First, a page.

3.1 - Optical Analysis of 17th Century Lenses
Since light consists of waves, interference is a physical phenomenon that appears, among other things, as the fringes of colour visible in a soap bubble. In this case the fringes reveal the shape of the inter-space between the inner and outer surface of the bubble. With appropriate laboratory instrumentation, the phenomenon of interference can be utilised to analyse how far each of the two surfaces of a lens deviates from the ideal spherical shape. We can detect, for instance, the optimum shape of Galileo's broken objective lens.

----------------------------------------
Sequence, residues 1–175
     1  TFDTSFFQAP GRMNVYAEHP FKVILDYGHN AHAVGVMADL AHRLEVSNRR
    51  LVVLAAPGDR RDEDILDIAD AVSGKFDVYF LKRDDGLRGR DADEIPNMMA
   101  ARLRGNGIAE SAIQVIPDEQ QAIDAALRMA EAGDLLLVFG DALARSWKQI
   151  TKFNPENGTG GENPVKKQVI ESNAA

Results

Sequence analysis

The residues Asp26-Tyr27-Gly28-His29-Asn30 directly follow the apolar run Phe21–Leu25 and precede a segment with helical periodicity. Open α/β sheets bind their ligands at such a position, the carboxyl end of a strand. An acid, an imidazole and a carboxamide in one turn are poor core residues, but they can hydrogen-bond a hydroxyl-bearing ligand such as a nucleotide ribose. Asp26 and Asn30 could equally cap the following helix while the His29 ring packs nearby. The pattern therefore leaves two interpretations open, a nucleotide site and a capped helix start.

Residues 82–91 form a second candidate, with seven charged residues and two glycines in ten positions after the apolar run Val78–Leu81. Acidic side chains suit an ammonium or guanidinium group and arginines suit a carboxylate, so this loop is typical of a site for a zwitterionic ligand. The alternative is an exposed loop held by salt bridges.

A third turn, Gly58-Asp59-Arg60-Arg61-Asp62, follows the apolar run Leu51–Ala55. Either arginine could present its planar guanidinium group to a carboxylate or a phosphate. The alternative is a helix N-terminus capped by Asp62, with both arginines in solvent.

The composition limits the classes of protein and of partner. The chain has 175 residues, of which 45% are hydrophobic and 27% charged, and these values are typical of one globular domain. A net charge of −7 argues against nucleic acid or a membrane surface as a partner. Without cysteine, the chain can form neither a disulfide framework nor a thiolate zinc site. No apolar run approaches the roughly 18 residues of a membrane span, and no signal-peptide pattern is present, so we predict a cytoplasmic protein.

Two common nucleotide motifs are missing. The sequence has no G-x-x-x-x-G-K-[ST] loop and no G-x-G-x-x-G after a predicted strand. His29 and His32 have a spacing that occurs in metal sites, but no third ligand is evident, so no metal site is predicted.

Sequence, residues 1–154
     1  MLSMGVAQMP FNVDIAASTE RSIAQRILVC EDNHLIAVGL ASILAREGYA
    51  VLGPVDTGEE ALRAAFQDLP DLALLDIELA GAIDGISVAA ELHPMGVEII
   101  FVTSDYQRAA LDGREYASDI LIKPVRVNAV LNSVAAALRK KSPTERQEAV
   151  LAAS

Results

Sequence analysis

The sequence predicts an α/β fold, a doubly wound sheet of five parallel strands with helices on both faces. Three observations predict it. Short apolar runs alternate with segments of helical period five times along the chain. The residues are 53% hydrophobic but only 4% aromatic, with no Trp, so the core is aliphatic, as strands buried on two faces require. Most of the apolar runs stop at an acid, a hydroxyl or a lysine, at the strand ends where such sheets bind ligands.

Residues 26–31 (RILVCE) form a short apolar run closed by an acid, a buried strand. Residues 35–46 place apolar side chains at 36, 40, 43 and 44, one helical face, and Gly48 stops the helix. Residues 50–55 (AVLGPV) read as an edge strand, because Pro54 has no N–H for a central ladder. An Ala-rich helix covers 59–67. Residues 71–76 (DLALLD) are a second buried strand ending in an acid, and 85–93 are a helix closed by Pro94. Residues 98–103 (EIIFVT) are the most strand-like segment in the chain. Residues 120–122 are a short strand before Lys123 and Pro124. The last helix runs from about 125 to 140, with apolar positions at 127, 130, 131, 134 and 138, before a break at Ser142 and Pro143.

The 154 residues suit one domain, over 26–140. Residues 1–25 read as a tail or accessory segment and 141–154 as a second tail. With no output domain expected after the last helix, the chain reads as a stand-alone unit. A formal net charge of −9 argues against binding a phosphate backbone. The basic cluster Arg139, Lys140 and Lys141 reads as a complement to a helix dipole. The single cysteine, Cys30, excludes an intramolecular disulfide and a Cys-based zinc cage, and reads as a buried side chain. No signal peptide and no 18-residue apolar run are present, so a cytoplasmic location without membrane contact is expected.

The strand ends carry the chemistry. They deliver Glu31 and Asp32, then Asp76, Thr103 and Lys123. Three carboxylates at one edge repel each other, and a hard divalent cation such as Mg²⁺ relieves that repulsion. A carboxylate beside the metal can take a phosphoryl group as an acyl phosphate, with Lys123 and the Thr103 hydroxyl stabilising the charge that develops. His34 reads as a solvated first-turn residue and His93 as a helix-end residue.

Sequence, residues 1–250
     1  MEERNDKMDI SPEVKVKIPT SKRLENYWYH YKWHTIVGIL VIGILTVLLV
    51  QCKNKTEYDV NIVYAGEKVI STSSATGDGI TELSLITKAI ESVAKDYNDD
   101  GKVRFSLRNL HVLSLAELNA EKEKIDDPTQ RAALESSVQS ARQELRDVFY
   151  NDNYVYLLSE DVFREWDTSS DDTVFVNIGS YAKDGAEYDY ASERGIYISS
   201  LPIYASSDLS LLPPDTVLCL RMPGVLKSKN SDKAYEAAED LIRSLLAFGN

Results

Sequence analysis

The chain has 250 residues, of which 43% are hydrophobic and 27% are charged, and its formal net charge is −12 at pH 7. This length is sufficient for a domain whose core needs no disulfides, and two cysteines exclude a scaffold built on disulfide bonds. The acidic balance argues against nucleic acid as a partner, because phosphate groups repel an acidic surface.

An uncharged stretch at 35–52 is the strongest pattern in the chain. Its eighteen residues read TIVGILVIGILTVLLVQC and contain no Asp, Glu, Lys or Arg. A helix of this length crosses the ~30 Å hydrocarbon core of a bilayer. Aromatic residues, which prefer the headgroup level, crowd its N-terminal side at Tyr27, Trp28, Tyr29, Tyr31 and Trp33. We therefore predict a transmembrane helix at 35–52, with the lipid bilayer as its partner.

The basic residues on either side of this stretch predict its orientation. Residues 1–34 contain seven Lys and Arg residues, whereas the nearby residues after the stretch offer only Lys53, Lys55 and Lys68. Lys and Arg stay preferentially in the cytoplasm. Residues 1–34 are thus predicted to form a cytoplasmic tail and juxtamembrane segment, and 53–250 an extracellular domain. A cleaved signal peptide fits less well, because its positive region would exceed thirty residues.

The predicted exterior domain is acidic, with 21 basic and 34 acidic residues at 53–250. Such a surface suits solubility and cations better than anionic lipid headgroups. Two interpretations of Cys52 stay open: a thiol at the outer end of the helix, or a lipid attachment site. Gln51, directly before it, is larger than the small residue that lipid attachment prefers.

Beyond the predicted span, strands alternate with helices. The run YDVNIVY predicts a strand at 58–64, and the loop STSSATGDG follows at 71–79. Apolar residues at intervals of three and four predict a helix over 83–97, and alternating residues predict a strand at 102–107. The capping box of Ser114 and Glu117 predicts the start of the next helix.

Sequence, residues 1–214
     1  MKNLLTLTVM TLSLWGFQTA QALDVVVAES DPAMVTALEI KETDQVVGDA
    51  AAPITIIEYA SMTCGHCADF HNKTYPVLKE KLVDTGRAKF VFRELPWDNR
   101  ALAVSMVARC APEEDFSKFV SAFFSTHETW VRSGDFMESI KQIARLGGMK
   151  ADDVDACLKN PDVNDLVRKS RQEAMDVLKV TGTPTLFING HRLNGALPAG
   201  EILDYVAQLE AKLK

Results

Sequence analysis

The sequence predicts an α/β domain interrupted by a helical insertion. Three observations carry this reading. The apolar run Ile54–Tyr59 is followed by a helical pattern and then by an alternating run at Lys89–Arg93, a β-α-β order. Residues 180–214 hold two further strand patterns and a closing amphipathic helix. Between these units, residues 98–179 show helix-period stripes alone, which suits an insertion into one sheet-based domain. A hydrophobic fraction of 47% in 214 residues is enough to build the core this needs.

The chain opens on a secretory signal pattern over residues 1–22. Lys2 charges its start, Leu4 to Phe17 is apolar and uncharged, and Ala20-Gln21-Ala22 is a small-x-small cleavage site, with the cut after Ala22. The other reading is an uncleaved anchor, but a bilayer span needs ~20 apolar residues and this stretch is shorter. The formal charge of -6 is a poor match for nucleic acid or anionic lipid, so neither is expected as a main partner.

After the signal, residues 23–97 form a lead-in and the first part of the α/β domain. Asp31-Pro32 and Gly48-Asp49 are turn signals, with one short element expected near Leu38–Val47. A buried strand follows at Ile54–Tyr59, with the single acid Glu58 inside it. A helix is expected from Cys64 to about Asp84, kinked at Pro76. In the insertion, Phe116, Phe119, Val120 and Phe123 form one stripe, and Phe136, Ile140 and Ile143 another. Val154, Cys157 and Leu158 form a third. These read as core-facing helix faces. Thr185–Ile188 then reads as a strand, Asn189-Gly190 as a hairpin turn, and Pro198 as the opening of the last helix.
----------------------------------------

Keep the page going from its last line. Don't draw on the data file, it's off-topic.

But the quality of a lens also depends on the excellence of the material of which it is made. Studying the composition of the glass provides information on its provenance and its production procedure. Some of the elements present in the glass can be detected by measuring the so-called "transmittance" of a lens in relation to the colour of the light traversing it. The transmittance curve in relation to colour reveals, in fact, the maximum and minimum transmissions of light in the presence of some elements, both contaminating ones (such as iron) and those utilised by the glassmakers to eliminate traces of colouration (such as manganese).
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